Rot-Weiss Essen 1 VfL Bochum II 0 (29th Nov 2013)
I’m not sure how many Bochum fans would normally be expected to make the 12 mile trip down the road for a derby with local rivals Rot-Weiss Essen, but the fact that only 51 out of the 7883 at this Regionalliga west match were wearing the light blue of Bochum suggests that watching the reserves away isn’t quite the normal draw.
Personally I’d been drawn by the chance of seeing the first of 4 games in a 3 night trip. The murky grey rain that had made me abandon a prolonged visit to Essen’s Christmas Market earlier in the evening had abated by the time I’d reached RW Essen’s new and imaginatively named Stadion Essen. Dark rain-slicked roads skirted round the fenced off expanse of the flattened Georg-Melches Stadion, where RWE had played since 1939. All that remained was one giant fly-swatter style floodlight pylon, almost close enough to have been used to light the new stadium, had they been able to twist it 45 degrees to the left.
Recent history hasn’t been too kind to a club who were Germany’s first entrant into the European Cup, and they now find themselves in one of Germany’s four regional 4th divisions. Support has remained solid though, and even when they dropped to the 5th tier, crowds topped 7000, and they are usually one of, if not the best supported side outside the national leagues, and better than most in the third tier too. This season, their second in the new stadium, has seen crowds rise to nearly 9000 despite some rather mediocre on-field performances.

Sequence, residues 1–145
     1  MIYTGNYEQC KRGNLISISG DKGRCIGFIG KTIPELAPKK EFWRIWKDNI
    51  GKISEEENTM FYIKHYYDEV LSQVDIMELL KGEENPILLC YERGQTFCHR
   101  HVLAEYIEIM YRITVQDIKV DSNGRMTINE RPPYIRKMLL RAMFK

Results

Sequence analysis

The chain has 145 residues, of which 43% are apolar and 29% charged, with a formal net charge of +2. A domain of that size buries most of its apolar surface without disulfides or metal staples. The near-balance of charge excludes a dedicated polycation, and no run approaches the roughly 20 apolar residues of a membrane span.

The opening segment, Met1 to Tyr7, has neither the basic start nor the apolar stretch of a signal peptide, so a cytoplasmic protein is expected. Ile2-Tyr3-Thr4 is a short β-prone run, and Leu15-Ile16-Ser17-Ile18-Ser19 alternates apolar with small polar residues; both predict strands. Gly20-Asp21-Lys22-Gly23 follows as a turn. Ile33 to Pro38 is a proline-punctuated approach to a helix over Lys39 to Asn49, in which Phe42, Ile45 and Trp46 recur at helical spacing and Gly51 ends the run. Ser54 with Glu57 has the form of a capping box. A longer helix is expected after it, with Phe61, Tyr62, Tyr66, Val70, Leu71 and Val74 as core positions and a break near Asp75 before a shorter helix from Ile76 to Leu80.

Having gone through the turnstile and boosted the crowd to the tune of one, I sought out warmth on a bitterly cold night with the obligatory bratwurst. I’m not even that fond of bratwursts, but it was warm, I needed food, and it did the trick. They did currywursts too, bratwursts with tomato sauce and curry powder, but I find myself unable to eat them without leaking tomato sauce off the edge of the cardboard trays they are served in. On two previous occasions the saucy spillage had miraculously missed my clothing. To risk a third time would be testing the odds too far.
Having got a bit of warmth in me, I immediately lost it by ordering a beer. Cheap enough to make you want more, but cold enough to numb the fingers if held too long, it at least took your mind off how cold it was. Also available was Glühwein. While this is mulled wine rather than, as it sounds, wine made of glue, its appearance always makes me think of heated alcoholic Benilyn. I have visions of having a couple of glasses and falling into a deep sleep. That could be lethal in this cold. Stuffed with bratwursts and unconscious, some kids might think I’ve hibernated, and the next thing I’d know would be waking up in a straw-filled box in a Westfalian primary school some time around March.
Sleeping, or perhaps just sleepwalking through their jobs were possibly the architects of Stadion Essen. It’s not a bad stadium by any means, and with it being so close to the old ground that the footprint of the stands overlap, it’s hardly in a worse location compared to the old place. It’s just that it’s a little shiny and sterile. The plan is to fill in the corners if/when RW Essen rise back up the leagues, and it would help no end. And be less draughty too.